This area of the website is my hobby blog, it contains articles about games that I have enjoyed playing together with paining and model making articles.
Last weekend Lewis and I got together to play a platoon level WW2 set in the Pacific campaign. The Japanese had dug in around a small farming settlement. The USMC Platoon was tasked to launch a deliberate attack with the aim of dislodging them from the position around the farm so that there Company could continue their advance inland. We played the game using Combat Patrol. These are our favourite rules for platoon level 'skirmish' actions. The rules deliver realistic results, are fun to play and very easy to use. What makes the rules unique is that all of the detail that often slows a game down with referencing tables and data in rulebooks are incorporated into a multi-use action deck. These cards are used for resolving small arms, anti-vehicle and HE fire, melee and morale.
We based our game on the excellent scenarios that feature in the 'Disposable Heroes' set of rules. I find that the right scenario is as important as a good set of rules. I like to either play a historical scenario or one of the two scenarios from Disposable Heroes. The premise for their scenarios is that for a Platoon Commander there are really only two different types of battle that you would be involved in, attack/defence or meeting engagement. We played the attack/defence scenario. A platoon in defence would typically have a frontage of 100-200 metres, while an attacking platoon would assault on a frontage of 50-100 metres. In both cases the platoon would typically deploy two sections forward with one in reserve. This means that the defending platoon has two section plus platoon HQ available but one section must be held in reserve. The attacking platoon has a full platoon but one section is held in reserve. Defenders deploy up to 12" in, attackers up to 6" in. Both attackers and defenders place 5 potential deployment zone markers on the table ensuring that they at least 12" apart. A note is made of which deployment zone each unit is to be deployed to. When the unit is actually deployed on to the table it is placed within 6" of the marker.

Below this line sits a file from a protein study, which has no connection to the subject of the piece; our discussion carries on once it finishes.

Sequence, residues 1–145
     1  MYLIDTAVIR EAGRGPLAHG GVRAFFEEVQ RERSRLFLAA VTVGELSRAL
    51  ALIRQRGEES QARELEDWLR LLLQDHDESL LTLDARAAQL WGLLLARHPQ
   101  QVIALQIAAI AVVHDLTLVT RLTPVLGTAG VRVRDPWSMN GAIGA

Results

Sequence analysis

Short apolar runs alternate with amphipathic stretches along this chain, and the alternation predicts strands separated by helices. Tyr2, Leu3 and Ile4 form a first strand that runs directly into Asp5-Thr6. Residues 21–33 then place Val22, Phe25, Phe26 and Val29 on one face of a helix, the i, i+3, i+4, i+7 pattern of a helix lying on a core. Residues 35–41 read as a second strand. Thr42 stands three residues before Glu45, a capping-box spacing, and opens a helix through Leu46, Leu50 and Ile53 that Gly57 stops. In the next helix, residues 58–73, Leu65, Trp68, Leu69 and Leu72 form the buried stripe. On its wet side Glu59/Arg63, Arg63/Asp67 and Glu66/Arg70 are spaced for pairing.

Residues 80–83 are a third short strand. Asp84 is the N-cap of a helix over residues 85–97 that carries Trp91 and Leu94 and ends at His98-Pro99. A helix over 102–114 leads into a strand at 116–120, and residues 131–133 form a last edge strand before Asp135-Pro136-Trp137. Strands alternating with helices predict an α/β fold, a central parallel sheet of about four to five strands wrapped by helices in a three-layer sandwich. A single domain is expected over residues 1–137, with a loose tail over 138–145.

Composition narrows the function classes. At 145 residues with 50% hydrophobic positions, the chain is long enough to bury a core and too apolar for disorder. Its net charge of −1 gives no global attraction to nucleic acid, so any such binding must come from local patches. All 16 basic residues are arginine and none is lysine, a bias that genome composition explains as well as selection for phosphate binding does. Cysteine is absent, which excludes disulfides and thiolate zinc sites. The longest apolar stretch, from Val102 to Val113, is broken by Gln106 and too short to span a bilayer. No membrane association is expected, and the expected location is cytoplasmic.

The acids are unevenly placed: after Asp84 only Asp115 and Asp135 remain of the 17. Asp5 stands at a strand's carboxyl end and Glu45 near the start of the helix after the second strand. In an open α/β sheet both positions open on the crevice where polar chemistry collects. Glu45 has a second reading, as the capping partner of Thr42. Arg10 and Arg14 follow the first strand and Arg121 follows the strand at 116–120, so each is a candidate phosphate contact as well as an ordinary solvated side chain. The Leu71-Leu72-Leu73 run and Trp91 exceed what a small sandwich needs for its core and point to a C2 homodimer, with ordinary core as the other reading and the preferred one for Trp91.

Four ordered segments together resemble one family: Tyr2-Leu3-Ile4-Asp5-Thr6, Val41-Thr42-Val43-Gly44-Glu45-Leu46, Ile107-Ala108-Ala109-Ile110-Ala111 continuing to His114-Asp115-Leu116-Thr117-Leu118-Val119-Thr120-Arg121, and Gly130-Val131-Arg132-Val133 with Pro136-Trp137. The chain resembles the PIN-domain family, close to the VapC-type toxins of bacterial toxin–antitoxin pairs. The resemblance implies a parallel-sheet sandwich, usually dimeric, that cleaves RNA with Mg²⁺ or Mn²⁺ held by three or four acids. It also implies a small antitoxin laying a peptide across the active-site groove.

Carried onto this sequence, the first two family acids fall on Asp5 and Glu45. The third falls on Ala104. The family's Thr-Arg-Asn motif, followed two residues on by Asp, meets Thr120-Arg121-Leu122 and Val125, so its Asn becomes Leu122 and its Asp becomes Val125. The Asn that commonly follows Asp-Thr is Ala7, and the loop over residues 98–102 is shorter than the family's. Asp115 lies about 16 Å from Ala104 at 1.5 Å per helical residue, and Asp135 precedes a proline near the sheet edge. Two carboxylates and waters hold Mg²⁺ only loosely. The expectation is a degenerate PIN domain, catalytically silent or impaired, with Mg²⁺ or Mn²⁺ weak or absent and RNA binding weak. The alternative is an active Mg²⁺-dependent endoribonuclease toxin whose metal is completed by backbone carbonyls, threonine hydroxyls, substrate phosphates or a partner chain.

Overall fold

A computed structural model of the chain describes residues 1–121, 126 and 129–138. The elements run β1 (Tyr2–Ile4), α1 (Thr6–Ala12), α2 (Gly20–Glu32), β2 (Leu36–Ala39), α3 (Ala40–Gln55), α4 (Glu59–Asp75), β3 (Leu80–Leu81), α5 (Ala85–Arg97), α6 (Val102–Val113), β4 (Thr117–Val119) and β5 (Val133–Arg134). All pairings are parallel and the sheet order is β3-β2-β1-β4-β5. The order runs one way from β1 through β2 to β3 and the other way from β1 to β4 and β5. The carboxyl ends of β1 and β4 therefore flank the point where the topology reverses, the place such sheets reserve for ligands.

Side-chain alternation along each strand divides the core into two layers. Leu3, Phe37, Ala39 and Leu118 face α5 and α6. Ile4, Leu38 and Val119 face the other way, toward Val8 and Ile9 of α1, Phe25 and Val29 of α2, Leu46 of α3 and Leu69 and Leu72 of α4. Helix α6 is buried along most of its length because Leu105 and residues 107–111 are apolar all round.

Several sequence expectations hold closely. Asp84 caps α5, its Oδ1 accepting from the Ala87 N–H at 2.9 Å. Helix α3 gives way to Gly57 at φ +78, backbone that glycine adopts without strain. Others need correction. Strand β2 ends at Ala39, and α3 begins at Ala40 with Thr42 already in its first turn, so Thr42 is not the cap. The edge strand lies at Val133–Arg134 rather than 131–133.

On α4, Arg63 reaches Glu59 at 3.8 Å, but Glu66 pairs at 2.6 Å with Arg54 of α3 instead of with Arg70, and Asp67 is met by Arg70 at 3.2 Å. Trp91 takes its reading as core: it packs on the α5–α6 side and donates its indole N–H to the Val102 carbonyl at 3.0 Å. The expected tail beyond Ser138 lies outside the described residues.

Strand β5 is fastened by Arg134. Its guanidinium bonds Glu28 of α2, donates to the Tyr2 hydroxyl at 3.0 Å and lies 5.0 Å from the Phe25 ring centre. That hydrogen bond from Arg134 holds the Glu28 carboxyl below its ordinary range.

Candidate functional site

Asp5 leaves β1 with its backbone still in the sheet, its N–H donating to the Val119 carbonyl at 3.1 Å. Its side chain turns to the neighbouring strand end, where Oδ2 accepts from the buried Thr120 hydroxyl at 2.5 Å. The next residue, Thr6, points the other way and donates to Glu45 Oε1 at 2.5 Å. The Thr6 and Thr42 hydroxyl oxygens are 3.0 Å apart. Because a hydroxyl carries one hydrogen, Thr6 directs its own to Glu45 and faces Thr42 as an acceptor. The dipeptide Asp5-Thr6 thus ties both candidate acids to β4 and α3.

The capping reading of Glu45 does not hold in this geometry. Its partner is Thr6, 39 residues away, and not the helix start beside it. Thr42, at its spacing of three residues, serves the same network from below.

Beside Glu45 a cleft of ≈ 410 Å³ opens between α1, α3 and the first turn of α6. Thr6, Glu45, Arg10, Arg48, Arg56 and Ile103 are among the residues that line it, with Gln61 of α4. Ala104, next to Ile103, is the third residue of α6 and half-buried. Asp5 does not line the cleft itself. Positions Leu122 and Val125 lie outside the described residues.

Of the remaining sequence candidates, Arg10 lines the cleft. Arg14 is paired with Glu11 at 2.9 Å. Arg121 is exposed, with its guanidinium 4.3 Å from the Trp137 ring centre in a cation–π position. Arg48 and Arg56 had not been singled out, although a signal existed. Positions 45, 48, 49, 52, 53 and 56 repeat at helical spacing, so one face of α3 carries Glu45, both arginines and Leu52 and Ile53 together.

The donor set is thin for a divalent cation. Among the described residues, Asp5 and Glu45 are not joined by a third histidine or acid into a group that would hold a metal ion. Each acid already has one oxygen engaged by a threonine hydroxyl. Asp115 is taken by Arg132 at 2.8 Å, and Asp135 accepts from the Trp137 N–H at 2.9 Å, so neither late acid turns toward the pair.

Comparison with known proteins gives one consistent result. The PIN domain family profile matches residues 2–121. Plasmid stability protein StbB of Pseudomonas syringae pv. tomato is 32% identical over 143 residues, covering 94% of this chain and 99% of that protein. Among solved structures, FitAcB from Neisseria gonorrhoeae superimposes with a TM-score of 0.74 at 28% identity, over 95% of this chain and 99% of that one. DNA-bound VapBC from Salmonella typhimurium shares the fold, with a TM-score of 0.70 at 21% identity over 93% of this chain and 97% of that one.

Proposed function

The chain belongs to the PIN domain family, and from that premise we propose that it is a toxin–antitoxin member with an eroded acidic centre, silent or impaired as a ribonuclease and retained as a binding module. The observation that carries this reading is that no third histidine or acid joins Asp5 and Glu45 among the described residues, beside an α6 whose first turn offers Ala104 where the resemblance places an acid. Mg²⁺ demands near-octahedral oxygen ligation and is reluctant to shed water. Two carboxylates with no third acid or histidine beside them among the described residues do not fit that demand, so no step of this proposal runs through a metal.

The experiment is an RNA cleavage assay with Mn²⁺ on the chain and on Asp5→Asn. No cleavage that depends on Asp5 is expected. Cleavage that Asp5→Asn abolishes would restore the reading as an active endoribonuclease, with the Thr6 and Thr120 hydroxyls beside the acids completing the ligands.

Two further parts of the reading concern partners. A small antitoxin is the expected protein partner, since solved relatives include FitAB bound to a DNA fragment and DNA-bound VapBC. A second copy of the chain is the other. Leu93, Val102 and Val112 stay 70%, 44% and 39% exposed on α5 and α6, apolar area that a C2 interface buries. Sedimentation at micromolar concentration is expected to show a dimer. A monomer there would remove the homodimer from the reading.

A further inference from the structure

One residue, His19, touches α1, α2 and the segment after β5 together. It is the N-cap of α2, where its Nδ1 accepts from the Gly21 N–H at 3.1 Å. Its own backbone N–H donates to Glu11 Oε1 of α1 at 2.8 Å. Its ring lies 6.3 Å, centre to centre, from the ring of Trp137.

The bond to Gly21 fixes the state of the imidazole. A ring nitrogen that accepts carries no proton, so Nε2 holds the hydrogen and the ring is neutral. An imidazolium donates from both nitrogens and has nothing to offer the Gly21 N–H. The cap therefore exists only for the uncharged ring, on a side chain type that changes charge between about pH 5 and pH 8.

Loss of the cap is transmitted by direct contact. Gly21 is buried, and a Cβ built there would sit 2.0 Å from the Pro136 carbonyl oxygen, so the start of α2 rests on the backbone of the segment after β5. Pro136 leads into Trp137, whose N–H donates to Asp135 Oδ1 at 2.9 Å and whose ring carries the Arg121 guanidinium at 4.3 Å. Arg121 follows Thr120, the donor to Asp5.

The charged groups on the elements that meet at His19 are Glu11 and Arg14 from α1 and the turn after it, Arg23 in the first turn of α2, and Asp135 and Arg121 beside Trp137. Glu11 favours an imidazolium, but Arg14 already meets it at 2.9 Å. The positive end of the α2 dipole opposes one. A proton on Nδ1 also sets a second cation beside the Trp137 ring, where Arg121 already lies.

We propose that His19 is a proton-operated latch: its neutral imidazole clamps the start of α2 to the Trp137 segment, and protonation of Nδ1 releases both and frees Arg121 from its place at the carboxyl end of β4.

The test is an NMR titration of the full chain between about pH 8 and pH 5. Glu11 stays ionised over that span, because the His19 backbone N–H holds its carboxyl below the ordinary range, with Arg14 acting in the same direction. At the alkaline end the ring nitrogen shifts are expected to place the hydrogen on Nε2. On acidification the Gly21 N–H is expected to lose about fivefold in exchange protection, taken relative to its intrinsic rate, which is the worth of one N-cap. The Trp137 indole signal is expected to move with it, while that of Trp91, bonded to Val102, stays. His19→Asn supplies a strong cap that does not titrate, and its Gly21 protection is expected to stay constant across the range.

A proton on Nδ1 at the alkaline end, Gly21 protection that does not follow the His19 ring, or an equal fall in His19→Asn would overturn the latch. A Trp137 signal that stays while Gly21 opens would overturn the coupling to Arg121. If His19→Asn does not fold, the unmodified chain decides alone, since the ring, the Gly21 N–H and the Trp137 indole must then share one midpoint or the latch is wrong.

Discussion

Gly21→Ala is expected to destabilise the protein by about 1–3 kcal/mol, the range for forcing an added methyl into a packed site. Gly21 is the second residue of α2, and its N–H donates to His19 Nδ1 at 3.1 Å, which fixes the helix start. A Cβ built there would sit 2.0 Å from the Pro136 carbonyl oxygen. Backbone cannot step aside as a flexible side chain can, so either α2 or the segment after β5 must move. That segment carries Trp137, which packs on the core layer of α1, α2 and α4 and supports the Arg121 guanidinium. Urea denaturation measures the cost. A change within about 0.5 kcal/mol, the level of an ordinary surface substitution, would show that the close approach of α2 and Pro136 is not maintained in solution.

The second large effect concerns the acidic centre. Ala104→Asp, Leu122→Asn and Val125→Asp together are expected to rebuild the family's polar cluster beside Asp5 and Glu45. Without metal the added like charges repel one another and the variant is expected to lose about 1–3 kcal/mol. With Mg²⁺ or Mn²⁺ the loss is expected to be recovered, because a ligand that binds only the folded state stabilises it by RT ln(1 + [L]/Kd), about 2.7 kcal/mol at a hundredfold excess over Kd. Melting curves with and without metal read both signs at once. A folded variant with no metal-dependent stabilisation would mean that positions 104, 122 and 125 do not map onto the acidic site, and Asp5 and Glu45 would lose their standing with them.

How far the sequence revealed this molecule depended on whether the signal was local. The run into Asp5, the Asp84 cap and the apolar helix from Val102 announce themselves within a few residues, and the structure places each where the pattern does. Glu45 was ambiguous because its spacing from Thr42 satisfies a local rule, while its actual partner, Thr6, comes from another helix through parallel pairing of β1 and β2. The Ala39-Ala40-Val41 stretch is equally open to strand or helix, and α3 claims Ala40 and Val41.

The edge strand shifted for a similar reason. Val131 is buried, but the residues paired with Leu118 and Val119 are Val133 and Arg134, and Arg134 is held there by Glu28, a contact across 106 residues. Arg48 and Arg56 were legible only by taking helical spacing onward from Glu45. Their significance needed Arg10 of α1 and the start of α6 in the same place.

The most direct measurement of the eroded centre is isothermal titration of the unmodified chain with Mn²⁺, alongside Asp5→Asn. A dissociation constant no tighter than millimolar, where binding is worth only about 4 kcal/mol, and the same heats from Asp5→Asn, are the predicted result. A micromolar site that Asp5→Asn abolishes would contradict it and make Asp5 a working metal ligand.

The USMC plan to attack the position by encirclement going left and right flanking. Here we see No 2 section deploying onto the table at deployment zone '5' and making best use of available cover.
No 1 section has sprinted in an attempt to make it to the relative safety of the tree line. Combat Patrol allows a unit to make a double 'sprint move'. Instead of drawing one card for movement, two are drawn but a 'stun' marker is placed on the unit, signifying that the next time they activate they need to recover from there exertions before they do anything else. Unfortunately they do not quiet make cover!